MASSI: Well, because I think, Sean, like anything, there are certain people that still believe that he's been railroaded. There's certain people that think certain things from 13 years ago. And I guess this is America, and this is what makes it a great country, is people can have whatever opinion.
But what really was amazing, and what we reported the other night, is people were calling bail bondsman in Las Vegas, saying they would help put up the money. And there were people still calling, saying that they'll help for the defense of the case for O.J. Simpson. And it's — it's amazing that that's just the perception. And that's what makes it interesting.
COLMES: Hey Bob, I'd like to go to the other guest, but I guess I can't.
HANNITY: He's not there.
COLMES: Why is O.J. hanging around these disreputable characters?
MASSI: You know, I have to tell you, Alan. Living in Las Vegas 35 years, it's a melting pot for so many different things. It's a misunderstood city. I — here's what I don't understand. You reap what you sow. It cuts both ways.
If you go in — if you hang with guys that are bad guys, then you're going to reap what you sow. On the other hand, the defense is going to be able to say, those bad guys, basically, they have no credibility whatsoever. And as a result of that, it could cut the other way for the defense.
COLMES: Bob, then also there's a question now about the audio tape. What is — how good is the case that O.J. was framed here?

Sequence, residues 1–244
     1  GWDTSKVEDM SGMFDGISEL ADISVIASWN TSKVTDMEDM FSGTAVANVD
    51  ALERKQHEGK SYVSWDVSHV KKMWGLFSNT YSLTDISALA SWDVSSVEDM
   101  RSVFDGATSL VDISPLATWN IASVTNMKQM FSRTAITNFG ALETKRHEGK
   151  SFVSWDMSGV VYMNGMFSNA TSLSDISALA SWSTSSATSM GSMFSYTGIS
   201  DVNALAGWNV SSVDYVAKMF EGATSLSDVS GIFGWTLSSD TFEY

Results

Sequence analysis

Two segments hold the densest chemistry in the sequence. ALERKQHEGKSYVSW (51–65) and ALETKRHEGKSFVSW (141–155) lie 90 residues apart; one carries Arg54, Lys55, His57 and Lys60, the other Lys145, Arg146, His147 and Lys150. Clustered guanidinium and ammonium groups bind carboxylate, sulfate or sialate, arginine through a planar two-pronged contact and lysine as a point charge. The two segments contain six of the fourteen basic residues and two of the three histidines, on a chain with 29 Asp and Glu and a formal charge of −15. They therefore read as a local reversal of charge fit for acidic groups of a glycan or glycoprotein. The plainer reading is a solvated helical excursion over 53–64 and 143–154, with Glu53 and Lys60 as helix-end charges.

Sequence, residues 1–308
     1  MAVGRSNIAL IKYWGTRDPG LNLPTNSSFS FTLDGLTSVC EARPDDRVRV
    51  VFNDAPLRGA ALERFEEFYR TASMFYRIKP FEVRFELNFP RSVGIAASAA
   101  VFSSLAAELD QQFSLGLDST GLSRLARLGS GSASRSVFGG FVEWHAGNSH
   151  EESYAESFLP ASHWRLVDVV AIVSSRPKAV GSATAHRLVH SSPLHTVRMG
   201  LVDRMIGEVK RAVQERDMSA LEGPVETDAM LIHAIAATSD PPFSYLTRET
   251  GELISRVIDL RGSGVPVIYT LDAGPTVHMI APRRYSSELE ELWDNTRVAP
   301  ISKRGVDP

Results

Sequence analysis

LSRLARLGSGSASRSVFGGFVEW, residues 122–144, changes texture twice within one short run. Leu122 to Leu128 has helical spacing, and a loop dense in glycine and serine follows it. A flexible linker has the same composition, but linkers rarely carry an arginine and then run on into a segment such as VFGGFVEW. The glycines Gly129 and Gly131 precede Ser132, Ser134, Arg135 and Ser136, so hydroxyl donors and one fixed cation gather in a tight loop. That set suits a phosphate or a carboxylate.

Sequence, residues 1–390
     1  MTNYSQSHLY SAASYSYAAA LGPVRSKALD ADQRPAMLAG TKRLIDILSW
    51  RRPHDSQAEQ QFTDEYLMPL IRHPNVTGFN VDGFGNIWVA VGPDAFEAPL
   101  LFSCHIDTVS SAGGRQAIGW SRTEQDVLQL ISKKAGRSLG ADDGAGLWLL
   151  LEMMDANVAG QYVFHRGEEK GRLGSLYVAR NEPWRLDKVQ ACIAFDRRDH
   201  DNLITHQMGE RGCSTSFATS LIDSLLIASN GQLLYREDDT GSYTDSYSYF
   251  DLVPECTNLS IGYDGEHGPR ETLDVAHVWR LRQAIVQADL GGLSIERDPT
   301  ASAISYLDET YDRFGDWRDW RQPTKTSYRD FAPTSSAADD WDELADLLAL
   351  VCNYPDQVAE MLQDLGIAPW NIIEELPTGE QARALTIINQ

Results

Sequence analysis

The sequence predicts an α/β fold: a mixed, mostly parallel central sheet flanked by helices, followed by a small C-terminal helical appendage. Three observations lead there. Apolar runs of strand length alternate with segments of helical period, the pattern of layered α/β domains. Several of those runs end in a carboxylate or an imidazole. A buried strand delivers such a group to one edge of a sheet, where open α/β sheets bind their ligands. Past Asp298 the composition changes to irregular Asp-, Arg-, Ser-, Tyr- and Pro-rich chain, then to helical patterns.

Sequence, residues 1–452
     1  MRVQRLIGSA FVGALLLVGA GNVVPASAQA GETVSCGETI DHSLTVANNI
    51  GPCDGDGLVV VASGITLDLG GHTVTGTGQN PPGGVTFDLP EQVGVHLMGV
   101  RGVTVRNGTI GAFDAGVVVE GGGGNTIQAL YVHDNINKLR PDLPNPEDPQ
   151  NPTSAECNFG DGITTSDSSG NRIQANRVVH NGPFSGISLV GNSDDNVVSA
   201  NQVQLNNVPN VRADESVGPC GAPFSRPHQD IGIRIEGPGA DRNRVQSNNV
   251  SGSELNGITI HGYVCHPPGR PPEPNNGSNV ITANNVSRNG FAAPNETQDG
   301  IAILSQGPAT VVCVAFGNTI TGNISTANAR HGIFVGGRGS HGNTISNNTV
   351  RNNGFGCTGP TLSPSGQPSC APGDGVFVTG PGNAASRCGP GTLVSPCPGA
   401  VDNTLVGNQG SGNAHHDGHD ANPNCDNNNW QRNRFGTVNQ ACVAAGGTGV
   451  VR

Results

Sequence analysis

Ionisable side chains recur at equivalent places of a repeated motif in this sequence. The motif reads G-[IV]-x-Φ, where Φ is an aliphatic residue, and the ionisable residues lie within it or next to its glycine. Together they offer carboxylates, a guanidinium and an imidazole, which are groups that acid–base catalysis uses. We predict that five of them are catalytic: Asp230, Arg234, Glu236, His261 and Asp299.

MASSI: Well, here's the thing. The audiotape, Alan, is so important to this case, because it puts him at the scene of the crime. And that's why this defense lawyer is saying -- see, they're going to go way by grand jury on this -- because today they still set the other preliminary hearing for October the 4th. And remember what I said yesterday. October 22 is the status check. It forces, again, the D.A. to go by grand jury, probably before October the 4th. If by October the 4th, he doesn't go by grand jury, the D.A. may stand up in court and say, "Hey, listen, I'm going to let these other guys out. I move to have these guys released on their own recognizance" and set it down October 22 for a status check and then go by way of indictment...
COLMES: But even with the tape, I mean, can't a case be made that he was framed, that Riccio was playing both sides? That he knew both parties, he knew what would transpire? He also knew O.J. would get a flared temper when he walked in there...
COLMES: ...and that he was set up for this?
MASSI: But a set up the way you're describing it, Alan, has nothing to do with the way he went about trying to retrieve the property. That's the difference. You don't go into a room and have people with you to take it in an illegal fashion.
And don't forget the D.A. — the detective was asked on Sunday at the news conference, I specifically asked him, was all the things in that room O.J. Simpson's and the response was no. You don't have the right to take something that doesn't belong to you, and if you have my suit — hypothetically — and I think you do, I call the police. And they'll get my suit.
HANNITY: Because Alan has it.
COLMES: All right, Bob. We thank you very much for being with us once again tonight.